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LSE shoots for global finance data league with Refinitiv takeover

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London (AFP)

London Stock Exchange unveiled Thursday a $27 billion takeover of US financial data provider Refinitiv that would create a market information giant to rival Bloomberg.

In a statement, LSE said it had agreed "definitive terms" with shareholders for "an all share transaction for a total enterprise value of approximately $27 billion".

Shares in the LSE soared after the announcement of the deal, which is scheduled to be completed next year.

Refinitiv's shareholder consortium, made up of funds affiliated with private equity firm Blackstone and Canadian media group Thomson Reuters, will own around 37 percent of LSE but less than 30 percent of voting rights.

The deal will help shift LSE from generating revenue solely from the trading of securities to providing investors information about trading, which will put it in direct competition with data and financial news firm Bloomberg.

Refinitiv, which serves in excess of 40,000 institutions in more than 190 countries, was formerly the financial and risk business of Thomson Reuters.

Private equity firm Blackstone subsequently became its majority shareholder alongside Thomson Reuters.

"The transaction brings together two highly complementary businesses... to create a leading, UK headquartered, global financial markets infrastructure (FMI)... provider," the LSE said.

The company will be "a leading data and analytics business, significant capital markets capabilities across multiple asset classes, and a broad post-trade offering, well positioned for future growth in a fast evolving landscape," it added.

- 'Unprecedented change' -

The Refinitiv takeover marks a change of LSE strategy and comes two years after its failed £21-billion ($25.5 billion, 23 billion euro) merger with Germany's Deutsche Boerse.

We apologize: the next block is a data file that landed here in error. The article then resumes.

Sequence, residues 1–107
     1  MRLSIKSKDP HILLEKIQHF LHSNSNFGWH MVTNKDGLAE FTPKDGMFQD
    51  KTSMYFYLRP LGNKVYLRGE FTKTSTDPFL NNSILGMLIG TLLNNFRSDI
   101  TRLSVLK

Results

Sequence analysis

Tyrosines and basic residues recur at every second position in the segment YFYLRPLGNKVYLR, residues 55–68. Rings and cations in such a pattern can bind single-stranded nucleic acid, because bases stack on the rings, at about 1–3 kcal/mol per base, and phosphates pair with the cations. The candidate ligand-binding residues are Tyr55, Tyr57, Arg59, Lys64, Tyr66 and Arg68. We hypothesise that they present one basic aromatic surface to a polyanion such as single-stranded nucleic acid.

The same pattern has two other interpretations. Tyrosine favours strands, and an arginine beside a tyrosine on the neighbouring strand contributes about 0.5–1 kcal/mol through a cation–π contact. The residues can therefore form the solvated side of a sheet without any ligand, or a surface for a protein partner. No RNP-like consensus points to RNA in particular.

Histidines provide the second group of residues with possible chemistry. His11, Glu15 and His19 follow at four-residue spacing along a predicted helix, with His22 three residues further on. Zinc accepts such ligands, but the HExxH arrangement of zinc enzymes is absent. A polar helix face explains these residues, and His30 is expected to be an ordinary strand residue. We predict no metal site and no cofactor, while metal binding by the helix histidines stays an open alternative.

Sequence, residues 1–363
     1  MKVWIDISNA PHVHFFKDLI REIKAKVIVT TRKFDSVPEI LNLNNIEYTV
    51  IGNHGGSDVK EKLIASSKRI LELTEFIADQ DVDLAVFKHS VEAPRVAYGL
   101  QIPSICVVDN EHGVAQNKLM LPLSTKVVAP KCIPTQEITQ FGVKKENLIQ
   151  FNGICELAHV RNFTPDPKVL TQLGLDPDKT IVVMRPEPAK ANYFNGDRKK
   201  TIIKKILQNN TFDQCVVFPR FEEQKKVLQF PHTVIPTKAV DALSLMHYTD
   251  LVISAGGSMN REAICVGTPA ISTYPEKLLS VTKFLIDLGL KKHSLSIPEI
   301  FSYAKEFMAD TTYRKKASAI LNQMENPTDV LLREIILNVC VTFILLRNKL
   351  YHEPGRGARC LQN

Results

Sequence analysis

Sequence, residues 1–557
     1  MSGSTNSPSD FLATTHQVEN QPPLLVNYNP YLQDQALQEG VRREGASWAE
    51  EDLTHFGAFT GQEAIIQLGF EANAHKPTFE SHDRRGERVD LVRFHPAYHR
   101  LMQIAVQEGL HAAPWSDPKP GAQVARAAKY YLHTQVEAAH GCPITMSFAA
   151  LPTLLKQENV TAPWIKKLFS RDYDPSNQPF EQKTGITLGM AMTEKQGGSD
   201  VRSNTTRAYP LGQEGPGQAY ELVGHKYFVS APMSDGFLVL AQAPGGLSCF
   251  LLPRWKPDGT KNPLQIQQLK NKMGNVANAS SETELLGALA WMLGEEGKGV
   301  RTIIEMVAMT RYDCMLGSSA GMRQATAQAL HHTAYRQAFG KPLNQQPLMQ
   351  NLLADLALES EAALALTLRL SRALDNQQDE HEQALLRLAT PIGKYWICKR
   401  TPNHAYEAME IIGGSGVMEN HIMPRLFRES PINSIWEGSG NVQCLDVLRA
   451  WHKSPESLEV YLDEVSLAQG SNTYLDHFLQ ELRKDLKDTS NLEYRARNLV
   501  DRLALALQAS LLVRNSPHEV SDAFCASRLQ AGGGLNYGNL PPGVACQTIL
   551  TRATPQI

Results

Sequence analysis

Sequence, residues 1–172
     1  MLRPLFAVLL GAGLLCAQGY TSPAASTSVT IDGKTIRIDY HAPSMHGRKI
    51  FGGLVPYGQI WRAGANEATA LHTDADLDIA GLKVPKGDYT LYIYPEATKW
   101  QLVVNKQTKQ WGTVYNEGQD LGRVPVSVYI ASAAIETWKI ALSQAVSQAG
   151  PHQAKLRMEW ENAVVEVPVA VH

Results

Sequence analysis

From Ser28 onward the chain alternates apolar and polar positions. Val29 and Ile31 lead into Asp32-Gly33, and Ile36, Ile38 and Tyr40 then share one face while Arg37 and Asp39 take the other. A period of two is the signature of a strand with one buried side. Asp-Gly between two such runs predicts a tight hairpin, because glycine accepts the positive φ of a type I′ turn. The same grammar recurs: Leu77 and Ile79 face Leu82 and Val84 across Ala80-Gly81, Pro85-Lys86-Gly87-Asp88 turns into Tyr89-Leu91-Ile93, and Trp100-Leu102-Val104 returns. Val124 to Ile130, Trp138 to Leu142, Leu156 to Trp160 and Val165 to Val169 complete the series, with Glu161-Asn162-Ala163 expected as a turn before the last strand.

That gigantic deal -- the third failed attempt at a tie-up between the British and German stock exchange operators -- was blocked by the European Commission on fears it would undercut competition.

American David Schwimmer then took the top job at the LSE, after a 20-year career with US banking behemoth Goldman Sachs.

The combined business will be chaired by LSE chairman Don Robert, with Schwimmer as chief executive and David Warren as chief financial officer.

David Craig will continue as Refinitiv chief executive and join LSE's executive committee.

"LSE's business is highly complementary with Refinitiv's leading global data platform, transaction and distribution network," said Craig.

"Our aim is to capture the opportunity of data which we believe is driving unprecedented change in the global financial community.

"The combined business will allow us to better serve customers across all regions."

LSE and Refinitiv generated combined annual revenue of more than £6 billion in 2018, which would have made the combined business the largest listed global financial markets infrastructure provider by revenue last year.

Schwimmer said: "With the acquisition of Refinitiv, we will transform our position as a leading global FMI group.

"Refinitiv brings highly complementary capabilities in data and capital markets, as well as deep customer relationships across a truly global business.

"Our shareholders and customers will benefit from attractive top line growth prospects, substantial cost and revenue synergies, as well as ongoing efficiency initiatives, and this transaction will ensure we are well positioned for future growth in an evolving landscape."

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